Thursday, March 17, 2011

Culture eats strategy for lunch

The title of this post refers to an oft quoted piece in business and change literature; to paraphrase, you can have a great plan but if it doesn't take into account the culture of the organization, you will fail. This I think is the crux around which healthcare reform and quality improvement specifically will succeed or fail. This is the great intangible that must be isolated and measured, so that we can truly begin to determine how healthcare providers differ from one another in terms of the quality of the service they deliver. As doctors we believe that the keys to a great service are world class doctors, state of the art facilities, the latest in IT; basically the best that money can buy.

However a study just published in the Annals of Internal Medicine, link here, (subscription required), suggests that this credo is incorrect. Curry et al interviewed 158 staff members from 11 hospitals, which were either in the top or bottom 5% nationally in the US for mortality post heart attack. The factor most highly correlated with outcomes was a cohesive organizational vision that focused on communication and support of all efforts to improve care. In other words, it was the culture, the communication ethos, mutual respect, leadership and desire to improve that should determine where you want to be treated, not all the high tech stuff and big names. This is consistent with my own observations nationally and internationally. All hospitals have problems, the high performers are the ones that seek out the problems and respectfully engage all their staff and leadership to solve them. It is my strongly held belief that one can distinguish between the high and low performers within an hour of visiting them.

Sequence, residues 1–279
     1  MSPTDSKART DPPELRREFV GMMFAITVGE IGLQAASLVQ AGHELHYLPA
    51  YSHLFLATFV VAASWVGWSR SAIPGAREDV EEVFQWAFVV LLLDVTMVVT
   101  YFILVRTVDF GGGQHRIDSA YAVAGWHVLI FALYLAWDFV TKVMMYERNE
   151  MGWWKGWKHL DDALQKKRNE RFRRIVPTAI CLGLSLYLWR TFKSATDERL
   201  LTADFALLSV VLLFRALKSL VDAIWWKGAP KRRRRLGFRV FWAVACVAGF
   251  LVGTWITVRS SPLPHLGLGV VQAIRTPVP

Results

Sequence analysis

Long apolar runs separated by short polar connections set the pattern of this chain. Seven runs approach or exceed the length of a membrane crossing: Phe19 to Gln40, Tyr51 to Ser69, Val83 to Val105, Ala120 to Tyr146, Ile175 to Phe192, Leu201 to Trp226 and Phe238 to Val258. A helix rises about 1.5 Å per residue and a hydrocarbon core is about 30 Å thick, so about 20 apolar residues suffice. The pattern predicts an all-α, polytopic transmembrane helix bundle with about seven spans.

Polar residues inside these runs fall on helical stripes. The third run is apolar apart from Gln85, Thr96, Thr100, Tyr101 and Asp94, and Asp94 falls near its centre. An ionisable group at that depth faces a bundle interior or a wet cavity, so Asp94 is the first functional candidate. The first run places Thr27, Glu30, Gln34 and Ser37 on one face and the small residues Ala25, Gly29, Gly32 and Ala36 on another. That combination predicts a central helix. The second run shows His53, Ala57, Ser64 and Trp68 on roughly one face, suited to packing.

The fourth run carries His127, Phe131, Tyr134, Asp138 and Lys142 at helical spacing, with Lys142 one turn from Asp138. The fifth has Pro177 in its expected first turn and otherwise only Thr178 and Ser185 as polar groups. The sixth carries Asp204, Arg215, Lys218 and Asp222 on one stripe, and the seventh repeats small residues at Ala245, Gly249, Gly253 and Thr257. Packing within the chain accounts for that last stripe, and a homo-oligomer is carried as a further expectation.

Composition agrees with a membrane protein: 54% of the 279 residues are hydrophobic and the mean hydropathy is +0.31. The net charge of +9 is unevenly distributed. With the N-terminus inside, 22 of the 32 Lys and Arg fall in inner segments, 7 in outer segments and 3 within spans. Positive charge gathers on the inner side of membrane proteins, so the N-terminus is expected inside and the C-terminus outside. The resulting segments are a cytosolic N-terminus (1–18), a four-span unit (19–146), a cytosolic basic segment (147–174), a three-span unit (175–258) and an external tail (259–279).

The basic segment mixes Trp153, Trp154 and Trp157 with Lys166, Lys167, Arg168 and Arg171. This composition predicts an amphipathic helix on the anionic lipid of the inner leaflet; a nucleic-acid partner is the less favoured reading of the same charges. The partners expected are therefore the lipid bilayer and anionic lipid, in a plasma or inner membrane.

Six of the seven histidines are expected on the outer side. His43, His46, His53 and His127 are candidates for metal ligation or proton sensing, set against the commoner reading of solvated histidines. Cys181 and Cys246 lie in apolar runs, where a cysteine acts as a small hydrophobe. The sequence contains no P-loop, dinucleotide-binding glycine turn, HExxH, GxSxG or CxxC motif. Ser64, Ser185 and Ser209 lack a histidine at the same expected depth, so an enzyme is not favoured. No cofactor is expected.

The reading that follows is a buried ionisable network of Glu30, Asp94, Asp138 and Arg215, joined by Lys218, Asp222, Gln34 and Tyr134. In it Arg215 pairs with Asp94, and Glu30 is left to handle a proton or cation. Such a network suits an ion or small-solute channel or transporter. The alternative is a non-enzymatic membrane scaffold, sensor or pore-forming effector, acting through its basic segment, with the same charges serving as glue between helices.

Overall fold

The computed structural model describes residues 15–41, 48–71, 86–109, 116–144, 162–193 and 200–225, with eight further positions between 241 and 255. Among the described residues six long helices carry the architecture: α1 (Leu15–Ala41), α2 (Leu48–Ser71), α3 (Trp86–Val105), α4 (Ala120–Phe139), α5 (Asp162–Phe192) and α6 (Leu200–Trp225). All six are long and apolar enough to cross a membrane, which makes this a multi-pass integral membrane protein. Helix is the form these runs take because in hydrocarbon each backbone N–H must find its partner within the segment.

Previous studies have suggested that the traditional factors that underpin success include being an academic medical centre, having more beds, and being located in a large city. Curry found that these factors accounted for only 20% of the difference. This is a very significant study, and provides ammunition for those of us who believe the system can be dramatically improved without massive expenditure; the down side is that changing culture can be extremely difficult.

No comments:

Post a Comment